The Arboretum, in Coconino County,
is a 200-acre arboretum that is home to 2,500 species of mostly drought-tolerant adapted and native plants representative of the high-desert Colorado Plateau, home to Grand Canyon and Zion National Park. It is located 3.8 miles (6.1 km) south of U.S. Route 66 on Woody Mountain Road, West of Flagstaff, Arizona. The facility is located at 7,150′ in elevation, making it one of the highest-elevation public gardens in the United States. The Arboretum is known for its extensive collection of the genus Penstemon.
The Arboretum was originally forest and a working ranch, and the home of Frances McAllister in the late 1960s. In 1981 she began her long-held dream of creating an arboretum when she donated the land and created its financial endowment.
The Arboretum is a unique destination, specializing in plants native to the high elevation habitat of northern Arizona; open May through October, six days a week (closed Tuesdays).
Many improvements are underway and they are making plans for an exciting 2014 season.
The Colorado Plateau is home to 6,000 plant species, 34 of which are federally listed as threatened or endangered; many others are considered rare. This region is unique because federal agencies manage 55 percent of the land area.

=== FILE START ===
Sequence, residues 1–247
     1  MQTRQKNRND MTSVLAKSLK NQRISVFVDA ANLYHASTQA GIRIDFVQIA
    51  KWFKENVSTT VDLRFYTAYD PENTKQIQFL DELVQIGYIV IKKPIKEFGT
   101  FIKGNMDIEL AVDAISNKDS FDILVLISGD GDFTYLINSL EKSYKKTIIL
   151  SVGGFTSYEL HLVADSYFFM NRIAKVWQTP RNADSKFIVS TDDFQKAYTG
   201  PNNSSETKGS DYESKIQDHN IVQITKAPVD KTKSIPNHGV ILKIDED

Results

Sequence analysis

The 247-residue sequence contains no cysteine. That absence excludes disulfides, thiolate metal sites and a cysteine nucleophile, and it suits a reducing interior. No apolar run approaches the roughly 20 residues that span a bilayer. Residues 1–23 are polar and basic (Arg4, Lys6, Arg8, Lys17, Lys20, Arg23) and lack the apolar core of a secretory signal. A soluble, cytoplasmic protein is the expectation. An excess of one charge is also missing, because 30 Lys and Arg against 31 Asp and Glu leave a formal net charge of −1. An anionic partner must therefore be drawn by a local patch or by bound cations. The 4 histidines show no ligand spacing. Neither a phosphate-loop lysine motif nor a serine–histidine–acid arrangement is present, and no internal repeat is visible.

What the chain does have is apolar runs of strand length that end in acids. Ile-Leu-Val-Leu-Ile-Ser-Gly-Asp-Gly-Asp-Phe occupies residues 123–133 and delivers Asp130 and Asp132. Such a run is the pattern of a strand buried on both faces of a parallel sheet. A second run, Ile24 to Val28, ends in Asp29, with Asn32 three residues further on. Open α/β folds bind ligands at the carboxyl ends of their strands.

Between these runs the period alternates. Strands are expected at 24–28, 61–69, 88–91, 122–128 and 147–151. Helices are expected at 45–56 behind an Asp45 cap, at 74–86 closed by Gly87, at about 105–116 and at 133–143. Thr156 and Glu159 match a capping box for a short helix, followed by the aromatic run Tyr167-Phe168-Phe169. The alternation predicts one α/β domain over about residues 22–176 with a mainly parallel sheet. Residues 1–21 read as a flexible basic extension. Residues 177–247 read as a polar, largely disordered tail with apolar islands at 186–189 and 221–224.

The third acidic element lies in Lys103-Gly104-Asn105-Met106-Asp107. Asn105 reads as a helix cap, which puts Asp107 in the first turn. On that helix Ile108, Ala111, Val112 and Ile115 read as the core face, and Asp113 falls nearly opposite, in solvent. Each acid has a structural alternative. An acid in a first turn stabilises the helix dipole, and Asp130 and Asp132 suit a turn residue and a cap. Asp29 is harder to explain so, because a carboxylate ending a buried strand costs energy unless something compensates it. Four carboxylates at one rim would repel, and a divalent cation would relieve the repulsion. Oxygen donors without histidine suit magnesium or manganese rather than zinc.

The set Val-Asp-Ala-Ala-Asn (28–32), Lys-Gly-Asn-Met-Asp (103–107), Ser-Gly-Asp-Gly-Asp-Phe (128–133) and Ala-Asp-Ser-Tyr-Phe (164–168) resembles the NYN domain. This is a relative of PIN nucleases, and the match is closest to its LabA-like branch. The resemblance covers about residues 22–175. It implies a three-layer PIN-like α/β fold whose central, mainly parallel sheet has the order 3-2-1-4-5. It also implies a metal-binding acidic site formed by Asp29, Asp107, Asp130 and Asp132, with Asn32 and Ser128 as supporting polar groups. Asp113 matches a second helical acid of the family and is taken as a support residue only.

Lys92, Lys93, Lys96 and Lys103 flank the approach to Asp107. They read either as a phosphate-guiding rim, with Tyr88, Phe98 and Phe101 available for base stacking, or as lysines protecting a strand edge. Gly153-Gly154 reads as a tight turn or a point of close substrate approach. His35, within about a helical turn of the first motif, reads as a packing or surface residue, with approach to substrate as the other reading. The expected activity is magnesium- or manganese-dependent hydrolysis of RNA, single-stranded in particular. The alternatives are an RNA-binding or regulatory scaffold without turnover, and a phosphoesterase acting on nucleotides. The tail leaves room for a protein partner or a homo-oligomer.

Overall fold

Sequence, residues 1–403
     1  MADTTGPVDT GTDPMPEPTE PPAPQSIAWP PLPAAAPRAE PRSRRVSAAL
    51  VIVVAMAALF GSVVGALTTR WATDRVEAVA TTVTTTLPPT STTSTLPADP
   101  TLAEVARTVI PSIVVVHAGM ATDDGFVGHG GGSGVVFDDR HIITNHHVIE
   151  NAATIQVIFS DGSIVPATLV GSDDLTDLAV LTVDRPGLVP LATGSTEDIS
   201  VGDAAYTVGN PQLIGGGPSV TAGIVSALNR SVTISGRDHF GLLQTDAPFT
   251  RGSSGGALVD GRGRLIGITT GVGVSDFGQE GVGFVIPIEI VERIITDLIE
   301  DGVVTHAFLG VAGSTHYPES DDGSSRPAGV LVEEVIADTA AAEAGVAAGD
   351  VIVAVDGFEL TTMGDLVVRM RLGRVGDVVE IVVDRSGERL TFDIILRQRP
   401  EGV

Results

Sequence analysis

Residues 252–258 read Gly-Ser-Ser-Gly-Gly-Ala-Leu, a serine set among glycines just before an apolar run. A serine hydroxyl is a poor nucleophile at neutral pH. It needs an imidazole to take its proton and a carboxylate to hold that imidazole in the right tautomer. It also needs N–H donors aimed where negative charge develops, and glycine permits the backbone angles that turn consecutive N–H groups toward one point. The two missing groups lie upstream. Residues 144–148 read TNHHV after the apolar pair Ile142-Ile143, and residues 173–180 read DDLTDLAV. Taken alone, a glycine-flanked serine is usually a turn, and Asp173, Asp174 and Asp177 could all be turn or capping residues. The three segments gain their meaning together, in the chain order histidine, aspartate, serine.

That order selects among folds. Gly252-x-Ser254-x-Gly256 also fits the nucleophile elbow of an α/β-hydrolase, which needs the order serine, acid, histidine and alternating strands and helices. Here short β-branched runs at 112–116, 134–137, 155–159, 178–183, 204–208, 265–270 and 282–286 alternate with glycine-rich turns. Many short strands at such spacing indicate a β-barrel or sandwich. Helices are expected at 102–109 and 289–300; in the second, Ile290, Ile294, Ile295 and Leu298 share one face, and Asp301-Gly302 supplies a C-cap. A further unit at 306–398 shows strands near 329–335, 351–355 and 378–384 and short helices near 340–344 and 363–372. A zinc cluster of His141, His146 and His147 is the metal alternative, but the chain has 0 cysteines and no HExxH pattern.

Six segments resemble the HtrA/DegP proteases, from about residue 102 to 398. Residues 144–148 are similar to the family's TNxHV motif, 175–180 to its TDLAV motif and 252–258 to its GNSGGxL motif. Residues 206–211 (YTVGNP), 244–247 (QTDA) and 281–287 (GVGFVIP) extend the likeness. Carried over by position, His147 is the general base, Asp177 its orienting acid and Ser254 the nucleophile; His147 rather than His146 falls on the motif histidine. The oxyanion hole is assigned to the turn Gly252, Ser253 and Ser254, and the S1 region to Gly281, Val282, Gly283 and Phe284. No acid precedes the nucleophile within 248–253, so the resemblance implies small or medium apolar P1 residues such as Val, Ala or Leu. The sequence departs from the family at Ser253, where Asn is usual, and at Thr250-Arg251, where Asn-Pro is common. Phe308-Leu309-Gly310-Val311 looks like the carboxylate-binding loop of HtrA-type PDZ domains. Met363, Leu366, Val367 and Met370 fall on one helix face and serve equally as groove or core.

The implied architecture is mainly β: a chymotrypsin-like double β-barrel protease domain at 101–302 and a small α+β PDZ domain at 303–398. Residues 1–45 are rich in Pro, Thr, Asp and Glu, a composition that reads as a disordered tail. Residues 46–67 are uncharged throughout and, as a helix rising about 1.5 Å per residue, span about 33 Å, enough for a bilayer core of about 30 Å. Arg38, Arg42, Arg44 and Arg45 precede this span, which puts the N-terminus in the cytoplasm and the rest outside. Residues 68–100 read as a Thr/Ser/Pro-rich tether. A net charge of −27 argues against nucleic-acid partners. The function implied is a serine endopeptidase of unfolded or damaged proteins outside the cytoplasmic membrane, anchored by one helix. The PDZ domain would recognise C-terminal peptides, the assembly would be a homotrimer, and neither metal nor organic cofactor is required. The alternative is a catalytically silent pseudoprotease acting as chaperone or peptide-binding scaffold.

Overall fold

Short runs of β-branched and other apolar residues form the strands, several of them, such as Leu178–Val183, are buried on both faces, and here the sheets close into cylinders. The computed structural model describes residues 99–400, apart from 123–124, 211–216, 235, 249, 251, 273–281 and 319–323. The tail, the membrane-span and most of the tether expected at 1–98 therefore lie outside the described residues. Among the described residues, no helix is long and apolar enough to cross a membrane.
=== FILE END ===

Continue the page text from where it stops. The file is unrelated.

The Arboretum has developed strong working relationships with local land managers and scientists to research, restore, and recover species found in this unique environment.
The Arboretum is a charter member of the Center for Plant Conservation and currently cares for 30 national collection plant species. The Research Department seeks to conserve these species using ex-situ (off-site) propagation, seed storage, and monitoring methods.
All of these efforts require help from a strong core of volunteers, without which they would fail to meet their conservation goals.
To restore regional native landscapes, they need local seeds and the knowledge to grow them. The Research Department participates in the Seeds of Success Program sponsored by the Bureau of Land Management and plays a leading role in the Northern Arizona Native Seed Alliance (NANSA).
Located on The Arboretum grounds, Merriam-Powell Research Station enables land managers and scientists from far and wide an affordable means to come examine the unique flora and fauna of the Colorado Plateau.